Out There–Book looks at science topics raised by pop sci-fi

Review by C.J. Bunce

On my first read of the 134-page book Out There: The Science Behind Sci-fi Film and TV, I had the assumption it was a book for kids.  That is the only context in which I think the book works.  Slated for publication in August, this new publication by writer Ariel Waldman barely scratches the surface of some major topics in science fiction that have been explored before in movies, TV, documentaries, novels, and non-fiction.  I think for young kids the book works–approaching it as an introduction to someone who never has heard of Star Trek or Alien, let alone thousands of obscure science fiction movies and TV series, or their inspirational source material via more than a century and a half of speculative fiction–because it’s possible kids haven’t already explored these concepts before.  But 21st century adults should know the contents of the book already.

Out There is a combination of 19 short essays, most featuring interviews with scientists in a myriad of fields.  I’d almost swear I’ve read this book in the 1970s, only using more science fiction books to illustrate its ideas.  The author asks questions about the possibility of earthlings ever encountering life “out there,” via exoplanets, giant spaceships, or through communication and contact with extraterrestrial life.  Examples come mainly from mainstream sci-fi movies as opposed to serious science fiction.  Interstellar and Passengers are movies that were for audiences who hadn’t already seen its topics visited and revisited through thousands of hours of classic TV (and also books, which are only peppered into the text sparsely).  Despite the title of the book, it barely references the vast library of science fiction television series.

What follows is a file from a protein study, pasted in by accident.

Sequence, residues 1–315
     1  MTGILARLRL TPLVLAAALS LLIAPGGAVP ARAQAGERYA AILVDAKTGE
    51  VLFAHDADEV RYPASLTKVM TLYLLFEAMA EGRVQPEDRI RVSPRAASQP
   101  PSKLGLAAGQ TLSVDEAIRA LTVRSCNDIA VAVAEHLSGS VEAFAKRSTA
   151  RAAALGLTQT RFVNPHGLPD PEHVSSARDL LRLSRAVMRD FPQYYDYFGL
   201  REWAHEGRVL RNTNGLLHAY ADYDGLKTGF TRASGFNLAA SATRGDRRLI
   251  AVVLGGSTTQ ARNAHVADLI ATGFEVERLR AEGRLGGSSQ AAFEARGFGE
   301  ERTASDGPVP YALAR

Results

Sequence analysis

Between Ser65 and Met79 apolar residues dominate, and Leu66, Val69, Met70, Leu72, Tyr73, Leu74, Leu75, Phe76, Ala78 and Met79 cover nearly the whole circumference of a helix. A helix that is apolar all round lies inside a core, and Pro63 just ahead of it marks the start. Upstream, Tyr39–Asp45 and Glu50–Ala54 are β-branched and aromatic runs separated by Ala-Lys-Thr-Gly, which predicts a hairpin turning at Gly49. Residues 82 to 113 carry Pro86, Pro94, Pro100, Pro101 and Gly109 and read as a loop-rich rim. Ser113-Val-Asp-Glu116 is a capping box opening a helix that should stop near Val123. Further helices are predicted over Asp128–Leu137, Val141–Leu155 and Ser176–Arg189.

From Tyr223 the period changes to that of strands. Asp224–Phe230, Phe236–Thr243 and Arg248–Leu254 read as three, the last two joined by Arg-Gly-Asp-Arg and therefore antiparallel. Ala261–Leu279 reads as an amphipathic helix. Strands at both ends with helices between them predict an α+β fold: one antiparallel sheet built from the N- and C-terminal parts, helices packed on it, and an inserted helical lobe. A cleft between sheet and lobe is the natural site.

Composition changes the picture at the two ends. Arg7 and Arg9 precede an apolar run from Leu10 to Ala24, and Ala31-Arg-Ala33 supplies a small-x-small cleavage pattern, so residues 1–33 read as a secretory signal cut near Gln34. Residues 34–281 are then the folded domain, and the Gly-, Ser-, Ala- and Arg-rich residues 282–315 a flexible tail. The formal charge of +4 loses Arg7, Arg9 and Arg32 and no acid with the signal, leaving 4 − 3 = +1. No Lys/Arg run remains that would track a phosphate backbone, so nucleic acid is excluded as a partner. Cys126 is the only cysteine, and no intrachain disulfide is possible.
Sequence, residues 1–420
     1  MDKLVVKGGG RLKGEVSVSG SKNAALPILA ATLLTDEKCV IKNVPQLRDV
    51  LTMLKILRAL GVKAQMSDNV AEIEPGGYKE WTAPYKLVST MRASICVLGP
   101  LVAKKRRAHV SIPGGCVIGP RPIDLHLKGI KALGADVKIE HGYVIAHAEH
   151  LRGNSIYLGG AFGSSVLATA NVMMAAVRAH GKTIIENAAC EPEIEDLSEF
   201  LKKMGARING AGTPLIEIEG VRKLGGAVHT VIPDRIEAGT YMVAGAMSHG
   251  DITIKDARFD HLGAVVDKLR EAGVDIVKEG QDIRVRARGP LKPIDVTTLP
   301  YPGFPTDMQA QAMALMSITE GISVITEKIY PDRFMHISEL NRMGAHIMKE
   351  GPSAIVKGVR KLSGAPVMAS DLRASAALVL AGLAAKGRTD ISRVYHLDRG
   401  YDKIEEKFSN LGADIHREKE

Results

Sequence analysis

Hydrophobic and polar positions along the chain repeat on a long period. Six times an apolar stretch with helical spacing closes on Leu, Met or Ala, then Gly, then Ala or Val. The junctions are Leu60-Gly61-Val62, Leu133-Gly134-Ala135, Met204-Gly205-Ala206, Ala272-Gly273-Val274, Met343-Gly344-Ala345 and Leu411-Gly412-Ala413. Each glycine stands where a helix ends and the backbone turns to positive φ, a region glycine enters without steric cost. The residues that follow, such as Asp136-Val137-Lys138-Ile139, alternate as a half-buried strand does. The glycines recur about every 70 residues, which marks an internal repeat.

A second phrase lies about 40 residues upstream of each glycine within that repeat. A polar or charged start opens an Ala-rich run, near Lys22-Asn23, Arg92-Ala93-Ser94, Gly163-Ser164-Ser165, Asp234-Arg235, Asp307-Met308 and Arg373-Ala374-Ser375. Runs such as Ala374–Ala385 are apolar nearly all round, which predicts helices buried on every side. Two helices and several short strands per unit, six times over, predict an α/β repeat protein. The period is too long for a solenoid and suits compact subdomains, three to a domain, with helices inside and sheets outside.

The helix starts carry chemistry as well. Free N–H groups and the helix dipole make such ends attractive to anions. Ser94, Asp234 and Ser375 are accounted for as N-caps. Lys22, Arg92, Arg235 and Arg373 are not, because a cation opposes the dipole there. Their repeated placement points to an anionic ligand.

Not every subject approached gives a wrong answer, but most aren’t surprising.  Are asteroids really like they’re presented in most movies?  Not in movies like Armageddon, no.  But doesn’t everyone know that already?  One essay discusses spacesuits and includes the participation of Mythbuster and maker Adam Savage, but it’s basically the results of a room of people sitting around talking about how cool spacesuits in movies are.  Yes, the world is a lot better educated as to the kinds of loneliness an astronaut might feel on a long voyage to Mars after living through an extended pandemic.  Is cloning related to life “out there”?  Probably not.  Do humans need to worry about our sun collapsing or black holes?  Also, probably not.  Do the movies referenced get these topics depicted accurately?  Not the movies referenced, but other movies, TV series, and books have.

The book entirely misses the mark in its discussion of cyborgs, defining cyborg so broadly so as to include literally everyone (if you wear a spacesuit, you’re a cyborg by its definition).  I also noted some factual errors throughout, oversights that seemed to indicate a lack of first-hand knowledge of the movies being referenced as examples.  If you’re only giving subjects like Artificial Gravity or Suspended Animation three pages of coverage, what should readers expect?

Note that although the book is being released in hardcover, it contains no photographs of its interviewees or subjects, and minimal chapter page art, something that might lean against the book being something useful for getting kids interested in science of STEM concepts.  One quirk: its chapter breaks include multi-colored dot images you’ll swear are intended to contain “magic eye” images (they don’t).

The book features a foreword by astronaut Dr. Mae Jemison.

This is a book about a topic that should capture the interest of anyone, but it only scratches the surface, only asks the most basic of questions, and primarily seeks opinions from people who are not the foremost authorities on the subject.  Out There is available now here at Amazon for pre-order.  It is scheduled for release August 22, 2023.

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